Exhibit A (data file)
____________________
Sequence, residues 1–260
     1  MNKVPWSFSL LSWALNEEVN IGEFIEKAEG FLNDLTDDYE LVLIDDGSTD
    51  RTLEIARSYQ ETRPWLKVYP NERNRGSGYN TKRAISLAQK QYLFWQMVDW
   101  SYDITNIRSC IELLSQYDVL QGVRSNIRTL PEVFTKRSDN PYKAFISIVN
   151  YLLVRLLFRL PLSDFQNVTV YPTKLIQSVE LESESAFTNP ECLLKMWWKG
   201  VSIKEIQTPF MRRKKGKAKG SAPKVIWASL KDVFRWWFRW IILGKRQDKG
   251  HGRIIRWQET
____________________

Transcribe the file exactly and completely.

Sequence, residues 1–260
     1  MNKVPWSFSL LSWALNEEVN IGEFIEKAEG FLNDLTDDYE LVLIDDGSTD
    51  RTLEIARSYQ ETRPWLKVYP NERNRGSGYN TKRAISLAQK QYLFWQMVDW
   101  SYDITNIRSC IELLSQYDVL QGVRSNIRTL PEVFTKRSDN PYKAFISIVN
   151  YLLVRLLFRL PLSDFQNVTV YPTKLIQSVE LESESAFTNP ECLLKMWWKG
   201  VSIKEIQTPF MRRKKGKAKG SAPKVIWASL KDVFRWWFRW IILGKRQDKG
   251  HGRIIRWQET